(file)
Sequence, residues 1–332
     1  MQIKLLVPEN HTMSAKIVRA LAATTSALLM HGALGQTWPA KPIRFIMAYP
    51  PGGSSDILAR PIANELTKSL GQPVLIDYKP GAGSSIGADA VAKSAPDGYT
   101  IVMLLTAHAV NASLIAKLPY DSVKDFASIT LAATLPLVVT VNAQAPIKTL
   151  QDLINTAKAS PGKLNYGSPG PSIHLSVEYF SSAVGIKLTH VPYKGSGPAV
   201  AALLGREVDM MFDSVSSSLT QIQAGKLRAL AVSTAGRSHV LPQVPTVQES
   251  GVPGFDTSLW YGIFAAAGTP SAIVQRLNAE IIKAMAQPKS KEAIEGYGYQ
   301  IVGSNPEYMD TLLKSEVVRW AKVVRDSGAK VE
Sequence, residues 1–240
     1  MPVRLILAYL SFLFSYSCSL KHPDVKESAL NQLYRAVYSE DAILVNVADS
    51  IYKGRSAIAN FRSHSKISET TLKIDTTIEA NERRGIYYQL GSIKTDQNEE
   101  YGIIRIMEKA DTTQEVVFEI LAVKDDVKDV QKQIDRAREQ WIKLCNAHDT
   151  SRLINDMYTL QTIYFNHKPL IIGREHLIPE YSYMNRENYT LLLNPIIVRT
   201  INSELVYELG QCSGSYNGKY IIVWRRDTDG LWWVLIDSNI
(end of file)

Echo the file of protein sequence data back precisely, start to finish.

Sequence, residues 1–332
     1  MQIKLLVPEN HTMSAKIVRA LAATTSALLM HGALGQTWPA KPIRFIMAYP
    51  PGGSSDILAR PIANELTKSL GQPVLIDYKP GAGSSIGADA VAKSAPDGYT
   101  IVMLLTAHAV NASLIAKLPY DSVKDFASIT LAATLPLVVT VNAQAPIKTL
   151  QDLINTAKAS PGKLNYGSPG PSIHLSVEYF SSAVGIKLTH VPYKGSGPAV
   201  AALLGREVDM MFDSVSSSLT QIQAGKLRAL AVSTAGRSHV LPQVPTVQES
   251  GVPGFDTSLW YGIFAAAGTP SAIVQRLNAE IIKAMAQPKS KEAIEGYGYQ
   301  IVGSNPEYMD TLLKSEVVRW AKVVRDSGAK VE
Sequence, residues 1–240
     1  MPVRLILAYL SFLFSYSCSL KHPDVKESAL NQLYRAVYSE DAILVNVADS
    51  IYKGRSAIAN FRSHSKISET TLKIDTTIEA NERRGIYYQL GSIKTDQNEE
   101  YGIIRIMEKA DTTQEVVFEI LAVKDDVKDV QKQIDRAREQ WIKLCNAHDT
   151  SRLINDMYTL QTIYFNHKPL IIGREHLIPE YSYMNRENYT LLLNPIIVRT
   201  INSELVYELG QCSGSYNGKY IIVWRRDTDG LWWVLIDSNI